Champagne: the challenge of value co-creation through regional brands

Champagne: the challenge of value co-creation through regional brands PurposeThe traditional view of the process of value creation suggests that it occurs inside the firm through its activities or resources. However, there are special cases where firms create value using external shared resources, e.g. a territorial brand. The purpose of this study is to demonstrate how the combination of both internal and external resources co-create value in wine regions.Design/methodology/approachAn in-depth case study of nine firms covering different co-creation processes in Champagne, France. The selection of interviews was designed to cover the diversity of firms within the area with different market positioning. Most firms in the region have been selling champagne for more than 50 years, so they have established long-standing relationships with their markets.FindingsWhile there is only one value, Champagne, firms create many different values based on owners’ perceptions with diverse effects on the process of value co-creation in the territorial brand. Some firms have strategies which could deteriorate the value of shared resource. This threat needs institutional changes with unknown consequences on the territorial brand.Research limitations/implicationsThe research only involved one case study with a highly developed territorial brand system. There are multiple wine regions that have considered managing either implicitly or explicitly their shared strategic resources (e.g. a territorial brand). Consequently, the findings may not be applicable to all wine regions but it can provide a “gold standard” for regions and wineries that do not realize the impact that their value creation actions can have on the wine region.Practical implicationsCollective management of shared strategic resources, such as a territorial brand, can be a powerful action to sustain competitive advantage rather than individual actions to develop individual brands. However, it can work only with an institutional organization managing the collective process.Originality/valueThe paper offers lessons from a comprehensive and well-known case study where resource bundles co-create value with a territorial brand. http://www.deepdyve.com/assets/images/DeepDyve-Logo-lg.png International Journal of Wine Business Research Emerald Publishing

Champagne: the challenge of value co-creation through regional brands

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Publisher
Emerald Publishing
Copyright
Copyright © Emerald Group Publishing Limited
ISSN
1751-1062
D.O.I.
10.1108/IJWBR-09-2017-0056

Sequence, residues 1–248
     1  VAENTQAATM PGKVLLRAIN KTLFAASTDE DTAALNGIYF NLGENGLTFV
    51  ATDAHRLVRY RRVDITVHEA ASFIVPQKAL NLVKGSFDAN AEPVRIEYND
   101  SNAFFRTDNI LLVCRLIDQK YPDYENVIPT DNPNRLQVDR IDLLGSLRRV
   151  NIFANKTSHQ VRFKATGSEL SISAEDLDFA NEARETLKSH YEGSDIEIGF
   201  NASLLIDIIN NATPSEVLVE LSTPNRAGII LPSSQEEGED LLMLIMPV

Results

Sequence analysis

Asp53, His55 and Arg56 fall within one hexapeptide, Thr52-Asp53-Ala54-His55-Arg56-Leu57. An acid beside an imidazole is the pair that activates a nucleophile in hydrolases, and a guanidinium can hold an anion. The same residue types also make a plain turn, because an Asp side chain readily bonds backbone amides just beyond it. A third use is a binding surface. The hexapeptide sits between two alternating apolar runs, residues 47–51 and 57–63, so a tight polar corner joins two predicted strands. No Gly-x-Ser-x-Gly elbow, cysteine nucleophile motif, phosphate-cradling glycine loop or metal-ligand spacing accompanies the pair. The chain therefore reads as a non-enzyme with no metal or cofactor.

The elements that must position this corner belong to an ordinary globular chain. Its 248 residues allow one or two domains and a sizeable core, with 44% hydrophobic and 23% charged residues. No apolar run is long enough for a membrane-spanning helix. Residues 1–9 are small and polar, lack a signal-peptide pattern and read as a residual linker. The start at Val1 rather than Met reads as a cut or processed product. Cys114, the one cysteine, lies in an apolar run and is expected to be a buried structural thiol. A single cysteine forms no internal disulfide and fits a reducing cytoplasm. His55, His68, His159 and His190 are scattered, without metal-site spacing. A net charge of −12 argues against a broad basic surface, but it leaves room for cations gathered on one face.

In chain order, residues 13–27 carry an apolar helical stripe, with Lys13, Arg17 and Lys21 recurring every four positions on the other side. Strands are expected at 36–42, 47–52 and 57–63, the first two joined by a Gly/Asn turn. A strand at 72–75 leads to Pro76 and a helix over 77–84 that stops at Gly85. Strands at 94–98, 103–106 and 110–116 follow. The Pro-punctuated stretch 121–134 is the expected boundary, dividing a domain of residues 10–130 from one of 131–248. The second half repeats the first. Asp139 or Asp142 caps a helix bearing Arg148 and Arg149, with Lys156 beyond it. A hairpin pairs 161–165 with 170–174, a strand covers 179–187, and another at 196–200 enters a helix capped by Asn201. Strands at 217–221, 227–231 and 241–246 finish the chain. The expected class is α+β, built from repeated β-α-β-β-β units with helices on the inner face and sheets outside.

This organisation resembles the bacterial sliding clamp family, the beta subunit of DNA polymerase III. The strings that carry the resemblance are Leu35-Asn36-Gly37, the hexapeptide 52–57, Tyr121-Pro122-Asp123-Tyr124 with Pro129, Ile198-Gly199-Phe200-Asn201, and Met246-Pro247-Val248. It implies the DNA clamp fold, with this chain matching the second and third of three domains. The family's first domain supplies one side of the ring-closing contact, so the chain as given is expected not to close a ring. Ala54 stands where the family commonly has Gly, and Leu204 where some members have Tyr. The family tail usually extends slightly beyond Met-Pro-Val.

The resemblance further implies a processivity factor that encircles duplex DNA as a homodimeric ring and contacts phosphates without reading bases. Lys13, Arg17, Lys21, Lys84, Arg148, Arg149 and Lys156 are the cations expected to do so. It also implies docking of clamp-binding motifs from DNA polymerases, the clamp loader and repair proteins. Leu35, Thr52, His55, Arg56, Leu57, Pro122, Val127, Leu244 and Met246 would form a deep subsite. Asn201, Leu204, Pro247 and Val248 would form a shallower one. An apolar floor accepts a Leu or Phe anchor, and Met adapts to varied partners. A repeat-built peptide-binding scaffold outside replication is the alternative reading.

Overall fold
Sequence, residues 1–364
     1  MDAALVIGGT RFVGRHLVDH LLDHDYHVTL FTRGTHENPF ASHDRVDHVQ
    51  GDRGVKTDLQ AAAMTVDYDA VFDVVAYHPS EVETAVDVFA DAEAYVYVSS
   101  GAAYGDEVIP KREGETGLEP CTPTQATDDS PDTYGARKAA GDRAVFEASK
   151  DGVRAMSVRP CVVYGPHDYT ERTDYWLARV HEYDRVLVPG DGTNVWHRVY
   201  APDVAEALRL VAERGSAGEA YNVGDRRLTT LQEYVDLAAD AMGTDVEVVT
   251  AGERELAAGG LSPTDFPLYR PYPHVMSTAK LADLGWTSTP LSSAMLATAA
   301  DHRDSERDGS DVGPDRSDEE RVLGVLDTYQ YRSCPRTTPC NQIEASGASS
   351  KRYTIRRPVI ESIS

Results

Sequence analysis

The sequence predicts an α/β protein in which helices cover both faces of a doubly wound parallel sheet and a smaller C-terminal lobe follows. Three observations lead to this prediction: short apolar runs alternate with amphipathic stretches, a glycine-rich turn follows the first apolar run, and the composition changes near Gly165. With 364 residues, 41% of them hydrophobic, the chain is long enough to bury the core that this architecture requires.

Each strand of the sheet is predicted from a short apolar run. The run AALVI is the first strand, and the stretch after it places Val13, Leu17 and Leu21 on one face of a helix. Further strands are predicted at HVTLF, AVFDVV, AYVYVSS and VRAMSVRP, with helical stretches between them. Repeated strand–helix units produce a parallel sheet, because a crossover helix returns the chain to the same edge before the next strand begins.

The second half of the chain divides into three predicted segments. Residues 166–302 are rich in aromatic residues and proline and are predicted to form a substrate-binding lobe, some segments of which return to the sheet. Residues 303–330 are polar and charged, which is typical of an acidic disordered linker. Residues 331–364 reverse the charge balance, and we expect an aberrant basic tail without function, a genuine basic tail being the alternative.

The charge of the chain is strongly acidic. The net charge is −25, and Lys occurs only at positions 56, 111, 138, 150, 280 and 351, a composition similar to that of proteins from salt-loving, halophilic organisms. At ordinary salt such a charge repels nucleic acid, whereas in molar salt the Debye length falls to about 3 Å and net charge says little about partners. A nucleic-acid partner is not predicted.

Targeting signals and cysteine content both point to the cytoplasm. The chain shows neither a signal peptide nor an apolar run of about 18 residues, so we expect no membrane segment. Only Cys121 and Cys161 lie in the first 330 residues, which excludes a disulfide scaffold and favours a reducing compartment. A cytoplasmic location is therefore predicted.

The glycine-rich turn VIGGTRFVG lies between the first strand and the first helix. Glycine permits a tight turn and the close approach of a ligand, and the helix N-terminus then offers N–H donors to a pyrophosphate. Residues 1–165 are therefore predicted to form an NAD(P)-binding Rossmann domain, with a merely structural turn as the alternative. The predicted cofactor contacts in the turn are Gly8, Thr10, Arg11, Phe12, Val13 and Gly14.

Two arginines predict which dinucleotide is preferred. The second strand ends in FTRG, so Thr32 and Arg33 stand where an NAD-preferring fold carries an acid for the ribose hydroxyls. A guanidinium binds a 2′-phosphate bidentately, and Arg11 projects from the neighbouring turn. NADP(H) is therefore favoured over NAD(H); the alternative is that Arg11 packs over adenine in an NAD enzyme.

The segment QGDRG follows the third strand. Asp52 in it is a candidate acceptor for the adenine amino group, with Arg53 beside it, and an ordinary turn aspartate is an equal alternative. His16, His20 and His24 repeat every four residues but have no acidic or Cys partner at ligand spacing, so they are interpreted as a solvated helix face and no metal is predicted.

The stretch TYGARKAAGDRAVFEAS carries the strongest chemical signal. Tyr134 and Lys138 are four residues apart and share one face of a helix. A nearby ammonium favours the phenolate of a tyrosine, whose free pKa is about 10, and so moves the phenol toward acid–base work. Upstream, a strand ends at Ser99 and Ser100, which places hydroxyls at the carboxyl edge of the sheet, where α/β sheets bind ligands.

Publisher site
See Article on Publisher Site

Abstract

PurposeThe traditional view of the process of value creation suggests that it occurs inside the firm through its activities or resources. However, there are special cases where firms create value using external shared resources, e.g. a territorial brand. The purpose of this study is to demonstrate how the combination of both internal and external resources co-create value in wine regions.Design/methodology/approachAn in-depth case study of nine firms covering different co-creation processes in Champagne, France. The selection of interviews was designed to cover the diversity of firms within the area with different market positioning. Most firms in the region have been selling champagne for more than 50 years, so they have established long-standing relationships with their markets.FindingsWhile there is only one value, Champagne, firms create many different values based on owners’ perceptions with diverse effects on the process of value co-creation in the territorial brand. Some firms have strategies which could deteriorate the value of shared resource. This threat needs institutional changes with unknown consequences on the territorial brand.Research limitations/implicationsThe research only involved one case study with a highly developed territorial brand system. There are multiple wine regions that have considered managing either implicitly or explicitly their shared strategic resources (e.g. a territorial brand). Consequently, the findings may not be applicable to all wine regions but it can provide a “gold standard” for regions and wineries that do not realize the impact that their value creation actions can have on the wine region.Practical implicationsCollective management of shared strategic resources, such as a territorial brand, can be a powerful action to sustain competitive advantage rather than individual actions to develop individual brands. However, it can work only with an institutional organization managing the collective process.Originality/valueThe paper offers lessons from a comprehensive and well-known case study where resource bundles co-create value with a territorial brand.

Journal

International Journal of Wine Business ResearchEmerald Publishing

Published: Jun 17, 2019

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